The public radio variety show "A Prairie Home Companion" is celebrating it's 40th anniversary this weekend and perhaps it's a reflection of the Twin Cities dearth of "celebrities" that so much attention is being given to the event. Granted, 40 years of anything should be celebrated. But listening to some of the comments from fans, you would think the show's host Garrison Keillor is the John Lennon of radio: a genius that only comes along once in a generation.
I don't begrudge Keillor the attention and it's certainly nice to have a public radio show that can break up the blocks of "Car Talk" reruns and episodes of "On The Media." But even before I moved to Minnesota eight years ago, I found "Prairie Home Companion" to be an inexplicable and often painfully meandering show. Yes, the musical guests were often delightful and every show includes (often seemingly accidentally) a few funny lines. But the percentage of genius moments compared to moments that resemble the sound of paint drying was never high enough to bring me back on a regular basis.
I've heard a fair number of episodes over the past twenty years, although seldom on purpose. Usually I'm scanning through the radio dial on a Saturday night looking for a talk program that isn't conservative ranting, pitches for unproven medical treatments or sports. And I end up stopping to listen to a bit of Keiller and company.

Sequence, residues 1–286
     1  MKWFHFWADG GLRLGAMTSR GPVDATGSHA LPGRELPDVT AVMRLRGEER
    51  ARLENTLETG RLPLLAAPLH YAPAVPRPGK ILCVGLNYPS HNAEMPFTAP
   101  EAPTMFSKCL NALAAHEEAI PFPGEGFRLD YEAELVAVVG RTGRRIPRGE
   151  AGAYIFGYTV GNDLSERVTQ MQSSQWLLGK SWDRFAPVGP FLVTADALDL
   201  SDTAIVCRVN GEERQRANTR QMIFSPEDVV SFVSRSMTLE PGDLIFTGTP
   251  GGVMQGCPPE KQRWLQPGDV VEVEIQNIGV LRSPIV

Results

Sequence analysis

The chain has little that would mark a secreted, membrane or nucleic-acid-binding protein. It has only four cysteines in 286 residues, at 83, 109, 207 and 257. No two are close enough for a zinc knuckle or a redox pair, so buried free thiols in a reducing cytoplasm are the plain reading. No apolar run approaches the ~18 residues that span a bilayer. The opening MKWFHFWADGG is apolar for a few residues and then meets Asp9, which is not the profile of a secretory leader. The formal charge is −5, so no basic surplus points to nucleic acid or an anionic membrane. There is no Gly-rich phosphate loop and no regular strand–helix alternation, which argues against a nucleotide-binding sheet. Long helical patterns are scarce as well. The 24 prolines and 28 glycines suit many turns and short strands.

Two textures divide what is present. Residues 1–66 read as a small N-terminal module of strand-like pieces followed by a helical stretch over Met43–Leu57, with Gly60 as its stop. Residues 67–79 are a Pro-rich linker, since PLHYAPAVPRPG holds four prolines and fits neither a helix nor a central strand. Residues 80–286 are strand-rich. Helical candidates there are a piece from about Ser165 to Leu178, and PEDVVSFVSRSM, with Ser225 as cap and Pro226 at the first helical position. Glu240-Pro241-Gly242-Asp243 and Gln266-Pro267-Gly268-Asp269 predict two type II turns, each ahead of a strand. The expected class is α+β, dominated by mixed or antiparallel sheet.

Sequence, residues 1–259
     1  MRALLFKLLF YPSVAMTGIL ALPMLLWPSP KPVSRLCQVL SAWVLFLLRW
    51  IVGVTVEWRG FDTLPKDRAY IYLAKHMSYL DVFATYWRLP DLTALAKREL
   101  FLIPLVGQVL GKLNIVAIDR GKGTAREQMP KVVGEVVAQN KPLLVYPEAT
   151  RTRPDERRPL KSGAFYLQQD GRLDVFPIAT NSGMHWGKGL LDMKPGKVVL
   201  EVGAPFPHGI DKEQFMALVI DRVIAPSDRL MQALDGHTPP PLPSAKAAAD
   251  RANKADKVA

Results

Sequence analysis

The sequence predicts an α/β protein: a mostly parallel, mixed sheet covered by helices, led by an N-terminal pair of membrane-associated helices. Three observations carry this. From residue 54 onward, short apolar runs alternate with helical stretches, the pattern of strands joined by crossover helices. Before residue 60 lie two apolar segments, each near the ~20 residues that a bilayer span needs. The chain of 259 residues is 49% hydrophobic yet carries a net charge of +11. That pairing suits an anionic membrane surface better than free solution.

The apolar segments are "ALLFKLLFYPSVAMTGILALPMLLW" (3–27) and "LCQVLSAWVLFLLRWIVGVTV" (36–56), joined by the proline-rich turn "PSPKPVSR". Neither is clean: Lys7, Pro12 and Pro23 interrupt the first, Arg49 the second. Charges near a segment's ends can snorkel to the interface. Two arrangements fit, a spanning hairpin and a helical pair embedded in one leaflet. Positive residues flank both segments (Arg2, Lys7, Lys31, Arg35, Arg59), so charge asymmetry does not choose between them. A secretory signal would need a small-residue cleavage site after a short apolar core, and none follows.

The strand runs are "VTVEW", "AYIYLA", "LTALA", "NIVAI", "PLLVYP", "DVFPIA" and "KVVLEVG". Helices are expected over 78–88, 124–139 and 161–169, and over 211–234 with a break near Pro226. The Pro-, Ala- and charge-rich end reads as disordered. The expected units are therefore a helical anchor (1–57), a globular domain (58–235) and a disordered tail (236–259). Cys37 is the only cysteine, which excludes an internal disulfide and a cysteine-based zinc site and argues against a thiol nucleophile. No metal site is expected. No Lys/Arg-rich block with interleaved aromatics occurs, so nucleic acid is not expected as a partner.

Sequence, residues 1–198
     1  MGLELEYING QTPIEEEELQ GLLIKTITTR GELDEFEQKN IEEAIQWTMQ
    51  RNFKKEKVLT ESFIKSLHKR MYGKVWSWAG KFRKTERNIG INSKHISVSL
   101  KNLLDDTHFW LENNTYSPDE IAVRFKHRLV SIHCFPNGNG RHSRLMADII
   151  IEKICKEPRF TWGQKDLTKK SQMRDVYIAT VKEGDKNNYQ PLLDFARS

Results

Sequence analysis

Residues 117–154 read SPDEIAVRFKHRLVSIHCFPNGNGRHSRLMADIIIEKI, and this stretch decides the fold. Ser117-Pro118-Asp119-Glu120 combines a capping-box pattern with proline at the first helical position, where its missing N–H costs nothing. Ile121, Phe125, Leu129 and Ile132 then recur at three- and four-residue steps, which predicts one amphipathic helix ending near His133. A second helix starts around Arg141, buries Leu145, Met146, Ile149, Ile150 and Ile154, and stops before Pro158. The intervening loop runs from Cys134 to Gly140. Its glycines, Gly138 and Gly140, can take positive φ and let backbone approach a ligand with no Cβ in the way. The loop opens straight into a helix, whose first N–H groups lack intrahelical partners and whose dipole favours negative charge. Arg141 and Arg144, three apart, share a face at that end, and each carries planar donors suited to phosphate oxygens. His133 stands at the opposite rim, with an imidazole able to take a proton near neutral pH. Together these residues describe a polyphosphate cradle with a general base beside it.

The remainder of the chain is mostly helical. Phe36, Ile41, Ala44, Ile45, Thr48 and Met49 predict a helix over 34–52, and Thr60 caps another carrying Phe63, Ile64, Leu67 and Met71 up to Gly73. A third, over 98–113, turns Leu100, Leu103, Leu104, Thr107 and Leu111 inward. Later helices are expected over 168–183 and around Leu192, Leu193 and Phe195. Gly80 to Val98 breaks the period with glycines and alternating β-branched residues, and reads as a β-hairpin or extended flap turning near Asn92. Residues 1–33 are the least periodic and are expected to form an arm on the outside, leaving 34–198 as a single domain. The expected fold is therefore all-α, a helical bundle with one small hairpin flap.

If you haven't heard the show (or seen the movie that it inspired), "A Prairie Home Companion" is a live, two-hour variety show that was inspired in part by The Grand Old Opry. Keiller hosts, performs in a few sketches, brings on a musical guest or two and voices a few gentle spoofs of classic-sounding small-town radio advertisements.
You'll hear the words "gentle" and "homespun" used frequently to describe the show. Apparently those are Midwestern codewords for "exceptionally slow to get to the point" and "funnier when you read it." At first listen, well-known characters such as "Guy Noir: Private Eye" and "The Lives of the Cowboys" sound like spoofs of radio dramas. But given the paucity of actual spoofing, they often sound more like flaccid imitations of the originals.
I understand why some folks in Minnesota find the show to be a reminder of the way the state used to be. In much the same way that people in the South love Larry the Cable Guy because he reminds them of relatives that found the life of a grocery clerk to be too much of an intellectual reach.
So those of you who are fans of the show and Mr. Keiller, feel free to celebrate this weekend to your heart's delight. As for myself and some of my friends, we'll be listening to sports. Or maybe just a good podcast.